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RE: [Xen-devel] [patch] Add support for barriers to blk{back, front} drivers.

  • To: "Gerd Hoffmann" <kraxel@xxxxxxx>
  • From: "Ian Pratt" <m+Ian.Pratt@xxxxxxxxxxxx>
  • Date: Mon, 23 Oct 2006 12:42:26 +0100
  • Cc: xen-devel@xxxxxxxxxxxxxxxxxxx
  • Delivery-date: Mon, 23 Oct 2006 04:42:45 -0700
  • List-id: Xen developer discussion <xen-devel.lists.xensource.com>
  • Thread-index: Acb2fBAicsbSdT3CQZ290DoB1OOQ0QAFiL+Q
  • Thread-topic: [Xen-devel] [patch] Add support for barriers to blk{back, front} drivers.

> > Out of interest, have you any benchmarks showing the benefits of 
> > barrier support? I'd be very interested to see them.
> It's about correctness, not about performance.  I've talked 
> with Jens Axboe about it a while ago.  Barriers are 
> *required* for journaling filesystems to work reliable.  

I just don't believe that. If the underlying device doesn't support
barriers Linux should just stop issuing requests until it has the
completion notifcation back for *all* the outstanding IOs to the device,
and then start issuing the new batch of IOs.  
I'd be incredibly surprised if this is not what Linux does today for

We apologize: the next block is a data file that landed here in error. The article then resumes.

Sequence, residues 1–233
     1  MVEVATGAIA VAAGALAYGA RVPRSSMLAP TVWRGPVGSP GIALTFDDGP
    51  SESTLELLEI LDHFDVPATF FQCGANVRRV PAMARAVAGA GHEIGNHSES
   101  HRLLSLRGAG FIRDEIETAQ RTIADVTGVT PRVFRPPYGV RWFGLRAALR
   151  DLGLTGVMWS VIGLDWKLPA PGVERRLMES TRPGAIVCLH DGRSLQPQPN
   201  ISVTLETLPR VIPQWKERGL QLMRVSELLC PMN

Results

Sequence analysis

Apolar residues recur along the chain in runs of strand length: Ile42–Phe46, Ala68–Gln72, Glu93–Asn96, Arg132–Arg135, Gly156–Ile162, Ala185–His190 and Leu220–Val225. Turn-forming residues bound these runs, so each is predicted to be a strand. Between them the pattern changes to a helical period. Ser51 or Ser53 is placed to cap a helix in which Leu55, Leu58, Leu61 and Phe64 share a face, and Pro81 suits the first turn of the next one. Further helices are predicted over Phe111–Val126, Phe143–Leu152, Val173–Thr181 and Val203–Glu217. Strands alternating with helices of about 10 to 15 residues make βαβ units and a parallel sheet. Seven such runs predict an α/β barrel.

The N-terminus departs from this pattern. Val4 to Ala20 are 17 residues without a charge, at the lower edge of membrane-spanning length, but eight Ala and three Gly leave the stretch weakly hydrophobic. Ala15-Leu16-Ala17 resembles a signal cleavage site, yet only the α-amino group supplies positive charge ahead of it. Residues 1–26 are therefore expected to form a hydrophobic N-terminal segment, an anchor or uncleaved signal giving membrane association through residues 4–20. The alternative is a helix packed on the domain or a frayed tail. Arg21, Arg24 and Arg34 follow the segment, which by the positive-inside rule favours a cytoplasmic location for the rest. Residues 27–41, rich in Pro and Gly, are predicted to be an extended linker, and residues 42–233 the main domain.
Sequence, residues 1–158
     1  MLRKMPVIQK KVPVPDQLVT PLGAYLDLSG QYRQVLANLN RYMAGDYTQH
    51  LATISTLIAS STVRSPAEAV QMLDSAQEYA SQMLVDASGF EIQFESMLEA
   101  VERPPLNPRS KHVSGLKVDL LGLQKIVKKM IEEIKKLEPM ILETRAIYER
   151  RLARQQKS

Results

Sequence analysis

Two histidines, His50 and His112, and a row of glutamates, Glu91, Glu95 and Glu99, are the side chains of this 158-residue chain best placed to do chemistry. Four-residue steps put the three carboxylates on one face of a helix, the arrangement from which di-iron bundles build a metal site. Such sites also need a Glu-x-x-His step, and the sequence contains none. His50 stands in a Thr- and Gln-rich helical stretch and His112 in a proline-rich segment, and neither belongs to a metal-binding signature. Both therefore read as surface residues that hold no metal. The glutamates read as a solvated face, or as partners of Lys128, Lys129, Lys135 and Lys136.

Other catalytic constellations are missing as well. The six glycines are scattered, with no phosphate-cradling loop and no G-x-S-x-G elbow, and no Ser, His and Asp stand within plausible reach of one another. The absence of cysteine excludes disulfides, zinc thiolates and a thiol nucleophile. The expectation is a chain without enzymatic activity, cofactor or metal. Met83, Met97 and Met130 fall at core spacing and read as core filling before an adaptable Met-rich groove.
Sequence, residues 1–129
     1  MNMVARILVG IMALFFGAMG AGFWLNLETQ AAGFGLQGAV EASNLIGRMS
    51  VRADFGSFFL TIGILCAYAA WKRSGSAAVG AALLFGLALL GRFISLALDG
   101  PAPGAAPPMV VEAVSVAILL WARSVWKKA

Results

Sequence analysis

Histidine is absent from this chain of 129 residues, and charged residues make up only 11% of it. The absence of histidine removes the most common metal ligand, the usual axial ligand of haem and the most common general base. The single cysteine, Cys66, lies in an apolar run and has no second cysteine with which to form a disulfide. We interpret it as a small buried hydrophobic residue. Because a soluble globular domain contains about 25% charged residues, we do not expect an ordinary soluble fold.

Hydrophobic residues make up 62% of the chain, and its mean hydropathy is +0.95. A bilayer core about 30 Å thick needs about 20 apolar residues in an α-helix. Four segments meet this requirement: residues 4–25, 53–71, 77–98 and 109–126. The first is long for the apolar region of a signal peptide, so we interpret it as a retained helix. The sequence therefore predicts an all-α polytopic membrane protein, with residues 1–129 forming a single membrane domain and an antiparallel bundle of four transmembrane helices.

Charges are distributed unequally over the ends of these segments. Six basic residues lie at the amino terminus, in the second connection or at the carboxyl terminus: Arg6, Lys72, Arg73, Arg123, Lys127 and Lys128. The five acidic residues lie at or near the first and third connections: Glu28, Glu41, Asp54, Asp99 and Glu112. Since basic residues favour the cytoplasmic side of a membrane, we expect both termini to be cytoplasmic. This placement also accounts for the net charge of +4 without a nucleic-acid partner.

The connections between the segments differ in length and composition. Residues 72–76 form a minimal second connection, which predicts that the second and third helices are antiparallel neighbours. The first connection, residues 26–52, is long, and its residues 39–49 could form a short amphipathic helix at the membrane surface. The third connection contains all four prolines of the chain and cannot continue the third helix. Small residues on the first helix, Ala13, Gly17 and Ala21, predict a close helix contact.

devices that don't support barriers. [NB: you still have the issue of
disks that support write caching and lie and send the completion before
data has hit the disk, but there's nothing you can do about that from
the OS]

Barriers should just be an optimization that gives greater scheduling

I'd certainly be interested to see some benchmarks with and without the
barrier support in blkfront/back.

> > Also, have you thought how this would work with blktap?  
> Does the AIO 
> > interface allow ordering constraints to be communicated to 
> the kernel?
> Have a look at Documentation/block/barrier.txt for some 
> background information.
> It shouldn't be a big problem to implement barriers with 
> blktap too.  I think it can't be simply passed down to the 
> block layer (like blkback does).  But it can be implement 
> with aio_fsync().  If a barrier request comes in: sync, 
> submit the write request, sync again, then go ahead with the 
> next request.  

Linux's notion of a barrier is pretty odd in that it does appear to
require the second fsync, at least according to barrier.txt. That's more
restrictive than the notion of barrier I've seen in other OSes.

> Some extra care might be needed for the disk 
> format metadata (cow images come to mind ...).

There's already care taken to ensure that metadata updates happen with
the correct ordering with respect to data writes. Adding barriers at the
data level should be totally orthogonal. 


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